Maria Caulfield has been appointed the minister with responsibility for patient safety and primary care, as Maggie Throup’s brief changes to cover vaccines and public health.

Ms Throup was appointed parliamentary under-secretary of state at the Department of Health and Social Care (DH) last week (September 16), with responsibility for prevention, public health and primary care.

However, the DH told C+D last week that, as the cabinet reshuffle was still ongoing, ministers’ responsibilities and job titles could change.

As of today (September 23), Ms Caulfield is now the health minister responsible for patient safety and primary care, which includes pharmacy, a DH spokesperson confirmed to C+D.

C+D understands that, excluding further reshuffles, Ms Caufield’s brief is unlikely to change soon.

Her role will include overseeing the following policy areas:

primary care
community health
major diseases, rare diseases and long-COVID
patient safety
maternity care
inquiries
patient experience
cosmetic regulation
gender identify services
blood transplants and organ donation
fertility and embryology.

An NHS nurse by background, Ms Caulfield is the MP for Lewes, East Sussex – a position she has held since May 2015.

She was previously assistant government whip, starting that position in 2019, and was vice-chair of the Conservative Party in 2018. She also served on the women and equalities committee from July 2015 to May 2017.

Views on pharmacy

Ms Caulfield was among 305 MPs who voted in favour of the pharmacy funding cuts in England in 2016. Only one Conservative MP voted against the cuts.

Speaking during the parliamentary debate on cutting the budget for community pharmacies in 2016, Ms Caulfield said she believed that the “money that is saved through these changes must go to community pharmacies and away from big business”.

She said she feared “that the role of the pharmacist is not properly understood”.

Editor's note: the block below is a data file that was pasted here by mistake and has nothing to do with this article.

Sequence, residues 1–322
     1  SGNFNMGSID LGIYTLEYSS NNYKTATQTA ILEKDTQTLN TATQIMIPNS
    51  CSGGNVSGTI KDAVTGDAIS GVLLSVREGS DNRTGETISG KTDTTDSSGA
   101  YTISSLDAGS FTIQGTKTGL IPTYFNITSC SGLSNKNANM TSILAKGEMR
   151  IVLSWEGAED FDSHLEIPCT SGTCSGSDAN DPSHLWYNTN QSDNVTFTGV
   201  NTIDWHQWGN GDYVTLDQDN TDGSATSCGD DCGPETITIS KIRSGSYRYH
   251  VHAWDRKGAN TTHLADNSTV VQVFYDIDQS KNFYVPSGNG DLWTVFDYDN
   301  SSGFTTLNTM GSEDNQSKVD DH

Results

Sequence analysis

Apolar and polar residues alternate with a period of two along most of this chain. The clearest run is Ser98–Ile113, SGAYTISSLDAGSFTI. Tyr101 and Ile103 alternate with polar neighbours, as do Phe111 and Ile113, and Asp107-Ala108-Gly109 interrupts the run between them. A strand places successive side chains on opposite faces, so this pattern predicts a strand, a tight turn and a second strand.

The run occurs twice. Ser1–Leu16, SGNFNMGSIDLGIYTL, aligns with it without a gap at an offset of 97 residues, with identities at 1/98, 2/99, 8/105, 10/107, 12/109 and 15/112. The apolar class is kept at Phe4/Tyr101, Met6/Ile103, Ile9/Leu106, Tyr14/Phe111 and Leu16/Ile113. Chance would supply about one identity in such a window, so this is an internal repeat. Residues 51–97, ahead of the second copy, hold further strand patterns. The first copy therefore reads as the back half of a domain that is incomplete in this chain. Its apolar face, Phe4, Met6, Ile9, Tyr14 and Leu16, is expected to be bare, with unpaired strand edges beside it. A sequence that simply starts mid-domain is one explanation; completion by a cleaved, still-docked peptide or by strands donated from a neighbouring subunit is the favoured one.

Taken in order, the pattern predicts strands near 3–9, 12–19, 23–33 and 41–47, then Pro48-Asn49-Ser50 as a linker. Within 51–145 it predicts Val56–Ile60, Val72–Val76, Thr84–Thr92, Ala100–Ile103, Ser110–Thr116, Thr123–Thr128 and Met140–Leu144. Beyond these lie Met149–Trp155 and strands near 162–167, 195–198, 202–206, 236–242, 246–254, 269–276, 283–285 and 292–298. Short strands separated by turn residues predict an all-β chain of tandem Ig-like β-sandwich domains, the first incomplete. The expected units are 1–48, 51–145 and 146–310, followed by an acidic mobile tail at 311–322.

“As a practising nurse, I see at first hand every day the role that pharmacists play in safeguarding patients. Doctors often make out prescriptions that are wrong or do not take into account current medications a patient is on. That is where the pharmacist comes in. Thinking that pharmacists simply stand at a counter, pick a box off a shelf and put a sticker on it is misguided; they do a huge amount more,” Ms Caulfield said at the time.

Support for pharmacists’ skills

Last year, Ms Caulfield showed her support for the Community Pharmacist Consultation Service (CPCS) on her website.

In January – a few months after the CPCS was launched on October 29, 2019 – Ms Caulfield said in a statement on her website that “the role of pharmacists is an important part of the NHS long-term plan”.

“Pharmacists are highly skilled health professionals who have five years of training, giving them expert knowledge on how to use medicines to support patients,” she said.

Pharmaceutical Services Negotiating Committee outgoing CEO Simon Dukes congratulated the minister and welcomed her to her role.

“We look forward to meeting with her at the earliest opportunity and to continuing to work collaboratively with both her and the DH to ensure that community pharmacies can contribute to the government’s health ambitions.

“There is much that pharmacy can – and is – doing to support the pandemic recovery and we will ensure that Ms Caulfield is fully briefed on both the challenges ahead for community pharmacies and the vital and valuable roles they play in their local communities.”

Media Coverage

Government pledges to reduce overprescribing of medicines in healthcare centres
Pharmacy Business, Shilpa Sharma, 22 September 2021

Pharmacy Business reports that the UK Government has announced that it will take measures to limit overprescribing of medicines in primary healthcare centres.

This decision follows a government-commissioned review led by Dr Keith Ridge, Chief Pharmaceutical Officer for England. The review revealed that 10% of the volume of prescription items dispensed through primary care are either unsuitable for that patients’ circumstances or could be better served with alternative treatments.

Additionally, it found that around 6.5% of total hospital admissions are caused by the adverse effects of medicines and a higher consumption of medicines increases the chances of harmful side effects.

Dr Ridge said: “Medicines do people a lot of good and the practical measures set out in this report will help clinicians ensure people are getting the right type and amount of medication, which is better for patients and also benefits taxpayers, by preventing unnecessary spending on prescriptions.”

The article highlights that the report provides six key recommendations, including the introduction of a new national clinical director for prescribing to lead a 3-year programme, covering research and training for effective prescribing.

The report suggested system-wide changes to improve patient records and training for general practices (GPs) to improve prescribing processes. Furthermore, the report recommended waste reduction in healthcare to help deliver NHS’s net zero carbon emissions.